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Launch Provider Panel at Space Tech Expo

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Inaugural Vega flight. (Credits: ESA - S. Corvaja, 2012)

Inaugural Vega flight. (Credits: ESA – S. Corvaja, 2012)

At the Space Tech Expo last week in Long Beach, Calif., representatives from Arianespace, Orbital Sciences Corporation, SpaceX and United Launch Alliance (ULA) discussed the fierce competition in the industry and their plans for the future.

PANELISTS

Carissa Christensen
Managing Partner
The Tauri Group
(Moderator)

Gwynne Shotwell
President & Chief Operating Officer
SpaceX

Daniel J Collins
Chief Operating Officer
United Launch Alliance

Clay Mowry
President
Arianespace

Frank Culbertson
Executive Vice President
Orbital Sciences Corporation

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Tax Exemption Measure Passes California Legislature

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Credit: Steven Pavlov

Credit: Steven Pavlov

A measure that will provide spaceflight companies with a 10-year exemption from certain property taxes has passed the California Senate.

Senators voted 32-2 to approve the bill, which had already passed the Assembly by a 69-5 vote. The measure will go to Gov. Jerry Brown for signing if the Assembly agrees with the Senate’s amendments to it.

As amended by the Senate, the property tax exemption would apply to

Tangible personal property, whether raw materials, work in process or finished goods, that has, or upon manufacture, assembly, or installation has, space flight capacity, including, but not limited to, an orbital space facility, space propulsion system, space vehicle, launch vehicle, satellite, or space station of any kind, and any component thereof, regardless of whether that property is to be ultimately returned to this state.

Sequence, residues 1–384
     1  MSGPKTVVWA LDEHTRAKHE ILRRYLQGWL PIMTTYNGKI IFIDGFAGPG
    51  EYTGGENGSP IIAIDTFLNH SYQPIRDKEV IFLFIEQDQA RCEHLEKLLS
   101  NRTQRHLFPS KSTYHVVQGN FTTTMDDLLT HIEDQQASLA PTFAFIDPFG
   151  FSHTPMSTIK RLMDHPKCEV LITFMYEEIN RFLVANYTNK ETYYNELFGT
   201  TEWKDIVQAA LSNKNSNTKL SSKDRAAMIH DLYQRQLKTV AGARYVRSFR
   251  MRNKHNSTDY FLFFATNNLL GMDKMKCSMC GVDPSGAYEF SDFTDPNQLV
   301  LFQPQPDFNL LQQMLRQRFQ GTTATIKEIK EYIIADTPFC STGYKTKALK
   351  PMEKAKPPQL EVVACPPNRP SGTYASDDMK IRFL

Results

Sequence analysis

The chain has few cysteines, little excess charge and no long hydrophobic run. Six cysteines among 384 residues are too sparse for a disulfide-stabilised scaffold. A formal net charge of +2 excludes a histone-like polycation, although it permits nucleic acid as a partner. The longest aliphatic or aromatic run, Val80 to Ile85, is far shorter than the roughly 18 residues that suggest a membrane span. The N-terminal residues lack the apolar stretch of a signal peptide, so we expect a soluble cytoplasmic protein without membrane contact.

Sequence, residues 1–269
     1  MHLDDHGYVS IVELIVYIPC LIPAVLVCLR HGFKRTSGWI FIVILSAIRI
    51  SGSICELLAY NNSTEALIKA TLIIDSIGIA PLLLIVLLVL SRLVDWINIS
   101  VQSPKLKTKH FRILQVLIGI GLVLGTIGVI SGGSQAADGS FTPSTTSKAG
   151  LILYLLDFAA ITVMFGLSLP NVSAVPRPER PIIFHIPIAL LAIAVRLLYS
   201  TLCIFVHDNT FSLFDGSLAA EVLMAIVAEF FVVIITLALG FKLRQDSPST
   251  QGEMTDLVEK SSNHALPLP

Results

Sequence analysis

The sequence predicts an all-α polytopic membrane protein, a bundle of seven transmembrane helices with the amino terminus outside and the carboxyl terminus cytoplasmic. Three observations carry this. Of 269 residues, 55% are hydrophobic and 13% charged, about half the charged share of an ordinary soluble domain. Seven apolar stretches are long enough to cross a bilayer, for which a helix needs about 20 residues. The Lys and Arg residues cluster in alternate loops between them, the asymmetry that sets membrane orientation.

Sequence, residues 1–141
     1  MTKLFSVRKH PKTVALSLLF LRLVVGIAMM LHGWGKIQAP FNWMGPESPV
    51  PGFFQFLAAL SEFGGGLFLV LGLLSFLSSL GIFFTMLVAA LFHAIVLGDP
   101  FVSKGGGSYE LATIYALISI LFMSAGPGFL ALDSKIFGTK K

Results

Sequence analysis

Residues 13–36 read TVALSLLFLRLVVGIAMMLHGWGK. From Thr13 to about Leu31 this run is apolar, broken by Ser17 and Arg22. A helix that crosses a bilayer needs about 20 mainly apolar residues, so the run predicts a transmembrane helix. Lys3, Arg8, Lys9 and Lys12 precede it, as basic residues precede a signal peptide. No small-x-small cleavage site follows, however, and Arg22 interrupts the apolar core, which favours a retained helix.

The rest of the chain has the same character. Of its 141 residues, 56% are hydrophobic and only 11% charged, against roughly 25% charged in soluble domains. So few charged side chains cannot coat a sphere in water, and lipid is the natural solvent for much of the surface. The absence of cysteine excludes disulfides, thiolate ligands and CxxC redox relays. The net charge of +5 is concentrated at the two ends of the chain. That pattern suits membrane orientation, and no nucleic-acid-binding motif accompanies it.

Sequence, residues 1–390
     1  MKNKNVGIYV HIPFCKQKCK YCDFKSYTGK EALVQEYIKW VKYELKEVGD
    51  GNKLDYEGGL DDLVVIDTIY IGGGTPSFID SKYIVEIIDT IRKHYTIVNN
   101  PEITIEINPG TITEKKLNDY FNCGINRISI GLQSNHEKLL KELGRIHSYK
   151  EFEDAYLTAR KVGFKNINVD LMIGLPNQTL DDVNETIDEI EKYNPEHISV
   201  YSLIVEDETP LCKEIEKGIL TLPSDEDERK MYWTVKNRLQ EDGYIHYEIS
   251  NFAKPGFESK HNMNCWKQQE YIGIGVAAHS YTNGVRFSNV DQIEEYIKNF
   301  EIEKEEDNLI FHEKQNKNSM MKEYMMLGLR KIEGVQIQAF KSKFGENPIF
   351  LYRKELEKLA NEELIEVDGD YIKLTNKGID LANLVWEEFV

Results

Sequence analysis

Fuel of a quality that is not adaptable for use in ordinary motor vehicles, but is produced, sold, and used exclusively for space flight.

The exemption would last from the January 1, 2014 lien date until Jan. 1, 2024.

The measure was introduced by Assemblyman Al Muratsuchi, whose district borders the one where SpaceX is located. A number of space companies in Mojave and across the state also will benefit.

Atlas V, Falcon 9 Launches Rescheduled

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The United Launch Alliance Atlas V rocket with NASA’s Mars Atmosphere and Volatile EvolutioN (MAVEN) spacecraft launches from the Cape Canaveral Air Force Station Space Launch Complex 41, Monday, Nov. 18, 2013, Cape Canaveral, Florida. NASA’s Mars-bound spacecraft, the Mars Atmosphere and Volatile EvolutioN, or MAVEN, is the first spacecraft devoted to exploring and understanding the Martian upper atmosphere. (Credit: NASA/Bill Ingalls)

The United Launch Alliance Atlas V rocket with NASA’s Mars Atmosphere and Volatile EvolutioN (MAVEN) spacecraft launches from the Cape Canaveral Air Force Station Space Launch Complex 41, Monday, Nov. 18, 2013, Cape Canaveral, Florida. NASA’s Mars-bound spacecraft, the Mars Atmosphere and Volatile EvolutioN, or MAVEN, is the first spacecraft devoted to exploring and understanding the Martian upper atmosphere. (Credit: NASA/Bill Ingalls)

The Atlas V and Falcon 9 launches delayed by a problem on the Eastern Range have been rescheduled for April 10 and 14, respectively.

ULA’s Atlas V will launch NROL-67 — a National Reconnaissance Office payload — from Cape Canaveral on Thursday at 1:45 p.m. EDT. The launch window extends to 2:26 p.m. EDT. The company usually streams launched at www.ulalaunch.com.

SpaceX’s Falcon 9 will launch a Dragon freighter to the International Space Station. Liftoff is scheduled for 4:58 p.m. EDT. The company typically streams its launches at www.spacex.com.